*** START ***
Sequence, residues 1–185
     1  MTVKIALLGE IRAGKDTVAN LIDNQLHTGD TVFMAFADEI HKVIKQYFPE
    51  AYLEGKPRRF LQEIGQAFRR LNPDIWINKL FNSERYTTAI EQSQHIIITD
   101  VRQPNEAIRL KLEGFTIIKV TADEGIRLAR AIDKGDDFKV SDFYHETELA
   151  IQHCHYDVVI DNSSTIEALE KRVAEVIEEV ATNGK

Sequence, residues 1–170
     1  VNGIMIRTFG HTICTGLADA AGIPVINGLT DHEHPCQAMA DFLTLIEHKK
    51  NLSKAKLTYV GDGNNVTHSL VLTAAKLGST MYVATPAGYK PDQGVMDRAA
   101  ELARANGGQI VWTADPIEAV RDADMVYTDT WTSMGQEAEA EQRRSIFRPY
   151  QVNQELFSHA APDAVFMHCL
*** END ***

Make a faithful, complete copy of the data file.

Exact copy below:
Sequence, residues 1–185
     1  MTVKIALLGE IRAGKDTVAN LIDNQLHTGD TVFMAFADEI HKVIKQYFPE
    51  AYLEGKPRRF LQEIGQAFRR LNPDIWINKL FNSERYTTAI EQSQHIIITD
   101  VRQPNEAIRL KLEGFTIIKV TADEGIRLAR AIDKGDDFKV SDFYHETELA
   151  IQHCHYDVVI DNSSTIEALE KRVAEVIEEV ATNGK

Sequence, residues 1–170
     1  VNGIMIRTFG HTICTGLADA AGIPVINGLT DHEHPCQAMA DFLTLIEHKK
    51  NLSKAKLTYV GDGNNVTHSL VLTAAKLGST MYVATPAGYK PDQGVMDRAA
   101  ELARANGGQI VWTADPIEAV RDADMVYTDT WTSMGQEAEA EQRRSIFRPY
   151  QVNQELFSHA APDAVFMHCL